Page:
There is little doubt that China violates the spirit, if not the letter, of WTO rules on intellectual property and subsidies. But when the US and Europe complain that China is infringing “global norms and rules”, they forget their own economic history. China’s policies are not so different from those that they too embraced while catching up with technological leaders of the time. For example, US patent rules were notably lax in the late 18th and 19th centuries, and the US textile industry would never have arisen without widespread “theft” of technological secrets from Britain. Similarly, many of Europe’s industries, such as aircraft, steel and cars, were nurtured by government support.


If the WTO has become dysfunctional, it is because our trade rules have over-reached. A fair world trade regime would recognise the value of diversity in economic models. It should seek a modus vivendi among these models, rather than tighter rules.
The author, Dani Rodrick, is an economist who has been dubious of the neoliberal consensus on trade for some, and as such, this is very much in line with what he has written before, but it is not something that I would have expected to appear on the pages of FT.

Patriotism in a Nutshell

Betsy Devos has a $140 million dollar yacht moored in the shores of Lake Erie, and it flies the flag of the Cayman Islands to dodge taxes.

It appears that patriotism only counts if you are poor, or if it does not cost the rich anything:
When someone untied a yacht owned by U.S. Secretary of Education Betsy DeVos’s family, Fox News portrayed the episode as an illustration of uncouth anti-Trump sentiment. The yacht’s foreign flag, though, was an illustration of how an allegedly “America First” administration is chock-full of moguls who have eagerly stashed their wealth offshore — as long as doing so means avoiding taxes, regulations, transparency requirements and domestic employment laws.


Now there’s Betsy DeVos, one of the heirs of Amway’s multi-level marketing empire. When her family’s 164-foot yacht was untied from a Huron, Ohio dock, it was flying a flag of the Cayman Islands, where VesselTracker says the yacht is registered. According to federal records, the yacht is owned by RDV International Marine, which is an affiliate of the company that controls the DeVos family’s fortune.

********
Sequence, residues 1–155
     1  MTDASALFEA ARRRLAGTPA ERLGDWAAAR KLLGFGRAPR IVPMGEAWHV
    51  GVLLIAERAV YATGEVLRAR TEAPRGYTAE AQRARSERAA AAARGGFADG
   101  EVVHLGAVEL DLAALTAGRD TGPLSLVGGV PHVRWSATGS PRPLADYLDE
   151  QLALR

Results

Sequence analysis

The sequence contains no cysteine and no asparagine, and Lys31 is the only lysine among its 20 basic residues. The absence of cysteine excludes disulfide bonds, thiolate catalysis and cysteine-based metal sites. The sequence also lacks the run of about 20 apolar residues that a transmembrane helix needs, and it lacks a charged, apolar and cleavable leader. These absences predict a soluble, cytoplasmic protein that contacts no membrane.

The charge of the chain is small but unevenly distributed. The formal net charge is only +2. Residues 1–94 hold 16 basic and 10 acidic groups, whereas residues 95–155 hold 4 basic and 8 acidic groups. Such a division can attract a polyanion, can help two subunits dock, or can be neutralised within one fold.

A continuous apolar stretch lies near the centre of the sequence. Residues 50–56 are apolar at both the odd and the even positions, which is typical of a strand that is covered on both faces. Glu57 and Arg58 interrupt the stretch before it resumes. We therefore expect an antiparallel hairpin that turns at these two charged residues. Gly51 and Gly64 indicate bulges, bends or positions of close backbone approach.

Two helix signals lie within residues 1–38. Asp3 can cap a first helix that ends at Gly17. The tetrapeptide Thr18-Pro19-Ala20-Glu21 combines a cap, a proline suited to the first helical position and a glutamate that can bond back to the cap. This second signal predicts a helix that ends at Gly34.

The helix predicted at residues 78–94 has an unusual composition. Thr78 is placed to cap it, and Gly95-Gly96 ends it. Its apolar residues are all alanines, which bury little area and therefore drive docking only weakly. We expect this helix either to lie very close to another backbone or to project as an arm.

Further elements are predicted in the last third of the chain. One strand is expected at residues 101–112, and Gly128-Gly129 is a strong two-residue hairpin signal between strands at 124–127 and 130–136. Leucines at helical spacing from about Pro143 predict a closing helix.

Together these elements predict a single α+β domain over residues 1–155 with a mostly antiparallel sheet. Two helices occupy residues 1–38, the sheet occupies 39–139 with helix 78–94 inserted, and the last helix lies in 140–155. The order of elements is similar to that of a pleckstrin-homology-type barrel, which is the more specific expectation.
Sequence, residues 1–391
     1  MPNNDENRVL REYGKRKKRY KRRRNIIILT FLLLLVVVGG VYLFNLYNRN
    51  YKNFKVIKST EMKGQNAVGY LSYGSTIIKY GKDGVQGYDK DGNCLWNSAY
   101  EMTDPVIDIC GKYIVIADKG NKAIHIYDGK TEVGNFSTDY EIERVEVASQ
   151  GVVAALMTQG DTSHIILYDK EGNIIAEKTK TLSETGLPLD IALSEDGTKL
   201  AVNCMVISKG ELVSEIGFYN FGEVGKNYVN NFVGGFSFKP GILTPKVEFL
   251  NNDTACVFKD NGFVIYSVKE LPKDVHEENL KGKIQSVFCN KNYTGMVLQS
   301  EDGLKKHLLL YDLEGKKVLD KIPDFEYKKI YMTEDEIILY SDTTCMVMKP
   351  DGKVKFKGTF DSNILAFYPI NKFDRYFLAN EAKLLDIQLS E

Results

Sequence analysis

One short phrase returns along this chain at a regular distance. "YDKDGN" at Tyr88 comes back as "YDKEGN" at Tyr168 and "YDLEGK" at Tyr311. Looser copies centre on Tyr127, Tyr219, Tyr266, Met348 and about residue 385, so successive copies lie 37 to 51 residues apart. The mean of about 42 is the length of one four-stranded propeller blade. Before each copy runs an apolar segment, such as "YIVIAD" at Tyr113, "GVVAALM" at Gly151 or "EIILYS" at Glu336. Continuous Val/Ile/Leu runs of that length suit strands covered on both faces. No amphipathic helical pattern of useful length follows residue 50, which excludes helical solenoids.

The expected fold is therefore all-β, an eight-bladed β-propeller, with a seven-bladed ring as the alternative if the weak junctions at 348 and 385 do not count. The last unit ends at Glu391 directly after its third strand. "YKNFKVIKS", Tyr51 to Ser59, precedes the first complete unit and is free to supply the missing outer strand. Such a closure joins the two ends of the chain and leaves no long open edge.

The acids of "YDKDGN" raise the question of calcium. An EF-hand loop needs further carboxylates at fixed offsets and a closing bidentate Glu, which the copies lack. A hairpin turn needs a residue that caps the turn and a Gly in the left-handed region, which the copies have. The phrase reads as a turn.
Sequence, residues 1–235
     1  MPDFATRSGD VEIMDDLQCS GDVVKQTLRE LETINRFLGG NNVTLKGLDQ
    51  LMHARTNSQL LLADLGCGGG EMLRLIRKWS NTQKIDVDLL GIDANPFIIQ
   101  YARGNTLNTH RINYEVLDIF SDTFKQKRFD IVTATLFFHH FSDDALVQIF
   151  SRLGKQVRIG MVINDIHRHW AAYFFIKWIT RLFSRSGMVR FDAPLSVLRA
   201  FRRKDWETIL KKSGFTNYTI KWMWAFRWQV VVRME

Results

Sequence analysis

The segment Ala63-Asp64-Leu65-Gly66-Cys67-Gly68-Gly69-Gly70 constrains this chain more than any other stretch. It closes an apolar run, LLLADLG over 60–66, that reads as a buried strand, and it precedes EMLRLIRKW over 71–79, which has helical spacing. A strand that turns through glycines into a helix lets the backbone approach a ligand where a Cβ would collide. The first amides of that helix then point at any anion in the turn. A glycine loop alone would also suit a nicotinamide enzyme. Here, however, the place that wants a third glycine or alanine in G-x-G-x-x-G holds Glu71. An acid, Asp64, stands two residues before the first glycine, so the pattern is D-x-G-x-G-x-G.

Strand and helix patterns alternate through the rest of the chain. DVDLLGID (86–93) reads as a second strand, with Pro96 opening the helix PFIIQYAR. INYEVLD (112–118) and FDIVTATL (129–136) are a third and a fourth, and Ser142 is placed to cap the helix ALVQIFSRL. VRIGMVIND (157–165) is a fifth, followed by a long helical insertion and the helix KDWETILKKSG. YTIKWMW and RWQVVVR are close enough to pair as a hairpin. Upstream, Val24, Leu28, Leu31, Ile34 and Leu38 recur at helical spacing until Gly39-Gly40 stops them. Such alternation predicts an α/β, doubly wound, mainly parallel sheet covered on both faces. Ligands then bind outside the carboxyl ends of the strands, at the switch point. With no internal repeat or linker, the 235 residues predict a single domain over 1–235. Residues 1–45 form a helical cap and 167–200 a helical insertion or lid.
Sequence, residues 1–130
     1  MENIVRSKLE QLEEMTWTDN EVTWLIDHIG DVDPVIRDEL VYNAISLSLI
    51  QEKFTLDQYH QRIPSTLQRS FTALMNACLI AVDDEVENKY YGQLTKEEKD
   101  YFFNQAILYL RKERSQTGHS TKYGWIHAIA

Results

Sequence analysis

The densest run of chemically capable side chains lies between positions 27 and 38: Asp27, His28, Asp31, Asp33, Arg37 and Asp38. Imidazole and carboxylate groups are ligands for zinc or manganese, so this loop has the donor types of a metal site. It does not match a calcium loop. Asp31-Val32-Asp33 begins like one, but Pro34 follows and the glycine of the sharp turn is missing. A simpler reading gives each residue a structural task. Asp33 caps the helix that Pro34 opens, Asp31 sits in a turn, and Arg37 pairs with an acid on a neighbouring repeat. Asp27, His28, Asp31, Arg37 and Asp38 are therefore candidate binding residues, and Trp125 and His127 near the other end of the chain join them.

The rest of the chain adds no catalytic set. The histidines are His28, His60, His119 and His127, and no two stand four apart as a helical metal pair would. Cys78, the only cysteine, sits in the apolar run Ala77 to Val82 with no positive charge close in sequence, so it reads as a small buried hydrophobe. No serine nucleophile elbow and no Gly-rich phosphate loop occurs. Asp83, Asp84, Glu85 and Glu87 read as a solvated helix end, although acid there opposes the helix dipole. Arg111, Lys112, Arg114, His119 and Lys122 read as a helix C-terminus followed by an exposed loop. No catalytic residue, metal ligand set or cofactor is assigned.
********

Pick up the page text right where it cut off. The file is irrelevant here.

Why would an American billionaire’s floating mansion moored at a northern Ohio dock be registered in an exotic Caribbean archipelago?

Co-published by Newsweek

When someone untied a yacht owned by U.S. Secretary of Education Betsy DeVos’s family, Fox News portrayed the episode as an illustration of uncouth anti-Trump sentiment. The yacht’s foreign flag, though, was an illustration of how an allegedly “America First” administration is chock-full of moguls who have eagerly stashed their wealth offshore — as long as doing so means avoiding taxes, regulations, transparency requirements and domestic employment laws.

We already know that Transportation Secretary Elaine Chao’s family shipping consortium routes its business through the Marshall Islands — a notoriously secretive tax haven. Federal records also detail how Trump’s Commerce Secretary Wilbur Ross, Securities and Exchange Commission Chairman Jay Clayton and Federal Reserve board appointee Randal Quarles held parts of their personal fortunes in investments based in the Cayman Islands, which are not necessarily required to adhere to America’s domestic financial regulations.

Now there’s Betsy DeVos, one of the heirs of Amway’s multi-level marketing empire. When her family’s 164-foot yacht was untied from a Huron, Ohio dock, it was flying a flag of the Cayman Islands, where VesselTracker says the yacht is registered. According to federal records, the yacht is owned by RDV International Marine, which is an affiliate of the company that controls the DeVos family’s fortune.

Betsy DeVos did not respond to Capital & Main’s questions about her family’s Cayman-registered yacht — and the larger question about foreign yachts was never deeply explored during the 2012 kerfuffle over the foreign flags on Mitt Romney’s boat. Interviews with maritime attorneys suggest it is a scheme that allows wealthy Americans to feign foreign status — and glean the lucrative benefits offered by offshore tax havens.


When buying a vessel or cruising in U.S. waters, American yacht owners like the DeVoses could face state sales or use taxes. However, registering a yacht in a locale like the Caymans — under what has come to be known as a “flag of convenience” — allows those American yacht owners to effectively characterize themselves as foreigners for tax purposes, thereby avoiding the obligation of paying the standard sales and use levies, while enjoying police and Coast Guard services during times their vessels are untied.


Offshore registration can also reduce labor costs.
So, she saves on taxes, cheats her crew, and it's all good, because she's rich with money that she has never lifted a finger to earn.

This sort of sh%$ is the best advertisement for Marxis-Leninists you can possibly imagine.

I Wasn't Really Planning on Landing It

A man stole an aircraft from SeaTac airport and flew aerobatics before crashing it.
All in all, it is a rather flamboyant suicide:
He had all the proper security credentials. He had been working his shift and was believed to still be in uniform. The baggage handler didn’t seem out of place at all — until he was taxiing down the runway and taking off in a stolen passenger plane.

Richard Russell sparked a combination of amazement and fear as he flew — alone — a 76-seat Horizon Air Q400 plane for more than an hour before it crashed on a wooded area on Ketron Island south of Seattle.